Friday, April 13, 2012

L is for Lighting the Wall

I started writing this novel a little over a year ago and I haven't made it very far since then but it's one of the YA stories I have going right now that I really enjoy. Back before I started writing the novel I posted my struggles on this blog. I had a hard time picking names and wasn't what to call one of the two main characters. I couldn't think of a title for the story and it was thanks to comments here that I picked Lighting the Wall as the title. And I shared a tiny scene between the two in a part of the story I haven't gotten to yet for a blogfest. This is one of a few stories where there are two interchanging POVs though right now I'm just writing bit by bit trying to pick which one is the best view point for the moment in the story, so not sure how often the POV will change in the end.

So for today's post, here are 2 small bits, one from each character.


After a few more steps, the car came into view. It was old and looked near its own death, if cars had that. They hadn’t used a motor vehicle in the village during Wyck’s life because they weren’t needed but he’d seen plenty of pictures during history lessons. This one was kind of boxy shaped. It might have been blue but the dust and mud covering every inch made it difficult to tell for sure.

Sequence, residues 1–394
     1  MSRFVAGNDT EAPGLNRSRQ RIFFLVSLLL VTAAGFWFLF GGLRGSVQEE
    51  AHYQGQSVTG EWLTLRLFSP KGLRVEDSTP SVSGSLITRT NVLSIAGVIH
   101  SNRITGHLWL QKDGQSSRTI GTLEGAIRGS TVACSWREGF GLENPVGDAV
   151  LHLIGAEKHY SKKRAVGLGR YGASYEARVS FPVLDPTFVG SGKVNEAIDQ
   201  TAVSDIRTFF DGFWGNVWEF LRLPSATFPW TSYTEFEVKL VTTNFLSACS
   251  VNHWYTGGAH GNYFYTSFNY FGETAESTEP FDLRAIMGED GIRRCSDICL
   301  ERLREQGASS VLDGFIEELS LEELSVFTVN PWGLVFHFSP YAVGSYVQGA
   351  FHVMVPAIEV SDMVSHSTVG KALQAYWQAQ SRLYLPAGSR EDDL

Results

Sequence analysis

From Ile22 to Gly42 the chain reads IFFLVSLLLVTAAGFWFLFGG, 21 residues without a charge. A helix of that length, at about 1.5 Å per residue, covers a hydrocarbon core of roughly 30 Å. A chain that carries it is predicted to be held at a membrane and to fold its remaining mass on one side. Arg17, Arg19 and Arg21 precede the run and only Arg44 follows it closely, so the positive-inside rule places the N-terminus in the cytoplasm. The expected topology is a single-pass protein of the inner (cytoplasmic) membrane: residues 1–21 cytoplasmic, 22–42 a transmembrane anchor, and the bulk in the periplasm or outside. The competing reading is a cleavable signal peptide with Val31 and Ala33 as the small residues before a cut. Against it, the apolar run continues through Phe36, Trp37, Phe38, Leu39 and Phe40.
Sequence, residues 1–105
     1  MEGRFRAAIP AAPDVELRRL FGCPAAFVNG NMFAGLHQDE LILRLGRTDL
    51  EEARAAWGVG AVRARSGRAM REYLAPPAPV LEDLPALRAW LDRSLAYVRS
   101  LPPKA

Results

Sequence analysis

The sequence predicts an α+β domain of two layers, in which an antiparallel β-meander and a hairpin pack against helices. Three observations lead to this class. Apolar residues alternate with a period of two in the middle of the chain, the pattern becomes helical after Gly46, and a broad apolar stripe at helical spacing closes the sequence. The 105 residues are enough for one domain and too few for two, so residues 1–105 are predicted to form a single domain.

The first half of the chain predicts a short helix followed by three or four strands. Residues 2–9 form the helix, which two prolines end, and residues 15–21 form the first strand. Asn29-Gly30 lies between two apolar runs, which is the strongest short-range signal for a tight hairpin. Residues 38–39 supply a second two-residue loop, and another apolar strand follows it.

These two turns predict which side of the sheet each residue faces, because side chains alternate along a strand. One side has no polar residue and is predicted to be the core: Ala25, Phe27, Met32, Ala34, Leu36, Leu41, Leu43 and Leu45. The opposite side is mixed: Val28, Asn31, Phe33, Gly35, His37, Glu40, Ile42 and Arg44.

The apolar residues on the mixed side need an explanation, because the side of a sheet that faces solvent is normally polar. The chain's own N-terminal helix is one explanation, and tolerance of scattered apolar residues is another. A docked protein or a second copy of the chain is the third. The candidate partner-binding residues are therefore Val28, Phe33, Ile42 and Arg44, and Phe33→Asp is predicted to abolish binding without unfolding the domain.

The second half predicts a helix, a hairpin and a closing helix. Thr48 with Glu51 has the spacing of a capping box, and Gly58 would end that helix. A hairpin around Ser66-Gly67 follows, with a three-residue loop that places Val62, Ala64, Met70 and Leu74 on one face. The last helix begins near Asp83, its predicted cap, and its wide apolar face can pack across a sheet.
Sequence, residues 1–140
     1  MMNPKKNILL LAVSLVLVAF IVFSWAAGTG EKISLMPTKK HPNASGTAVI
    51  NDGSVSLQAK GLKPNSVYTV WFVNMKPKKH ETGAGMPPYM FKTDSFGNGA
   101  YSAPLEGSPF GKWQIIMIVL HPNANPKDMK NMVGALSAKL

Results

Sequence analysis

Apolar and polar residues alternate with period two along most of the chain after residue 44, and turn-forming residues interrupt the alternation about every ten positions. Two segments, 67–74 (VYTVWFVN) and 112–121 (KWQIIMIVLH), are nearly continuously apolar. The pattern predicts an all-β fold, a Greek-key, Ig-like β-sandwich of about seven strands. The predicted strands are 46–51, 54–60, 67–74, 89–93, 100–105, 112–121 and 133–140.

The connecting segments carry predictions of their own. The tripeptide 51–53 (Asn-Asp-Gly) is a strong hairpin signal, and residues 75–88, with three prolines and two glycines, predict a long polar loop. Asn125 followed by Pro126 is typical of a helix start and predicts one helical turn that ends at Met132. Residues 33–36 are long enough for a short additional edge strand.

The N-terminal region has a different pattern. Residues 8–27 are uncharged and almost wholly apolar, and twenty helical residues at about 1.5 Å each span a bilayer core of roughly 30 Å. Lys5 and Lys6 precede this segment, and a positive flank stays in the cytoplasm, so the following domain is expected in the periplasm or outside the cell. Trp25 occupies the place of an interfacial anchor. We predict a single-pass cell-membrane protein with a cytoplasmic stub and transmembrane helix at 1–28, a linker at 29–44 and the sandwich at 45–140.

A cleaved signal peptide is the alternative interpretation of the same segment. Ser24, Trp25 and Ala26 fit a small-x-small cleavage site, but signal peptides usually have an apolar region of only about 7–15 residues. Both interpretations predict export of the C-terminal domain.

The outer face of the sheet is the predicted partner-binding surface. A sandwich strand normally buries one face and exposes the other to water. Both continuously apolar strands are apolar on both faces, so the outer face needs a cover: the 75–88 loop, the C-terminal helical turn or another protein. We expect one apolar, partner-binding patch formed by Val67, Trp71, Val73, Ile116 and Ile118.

His father stopped for a brief second, holding his hand up to indicate Wyck should stop. Despite wanting to get a little closer, he obeyed, staying behind as his father approached where Dwayne stood. He was close enough to see everything at least, though it was hard to tell many details of those inside the car.

A man stood near Dwayne, one of the strangers. He was tall, several inches taller than Dwayne with dark features. His hair was the strangest part of his lanky appearance as it had an odd upward appearance, or it did from that distance. It seemed very solid like. Despite his height and different clothes, the man didn’t seem threatening. He just looked tired.


To Sage’s relief, the patrol agreed to bring them into their small village. They just couldn’t take in the car because the doors weren’t large enough and to have something that could go through the border would be too startling for the villagers. So, pulling out his bag and a couple sacs of supplies they had left over, Sage followed the leader and his son, Wyck. Nothing else was said from him, as Sage occasionally glanced at the teen as they walked.

He almost wanted to speak. With only breathing as noise, it made Sage uncomfortable. Even June was more silent than usual as she hustled to keep up with the group. Her small bag filled with clothes had a teddy bear tied to the side and it was dragging her down. Pausing, Sage reached over to her and took the bag, adding it to his load.

She smiled at him before skipping a few steps to reach up to hold her mother’s hand as they walked through the small border portal and through the village.

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I write like
Arthur Conan Doyle

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I write like
Mark Twain

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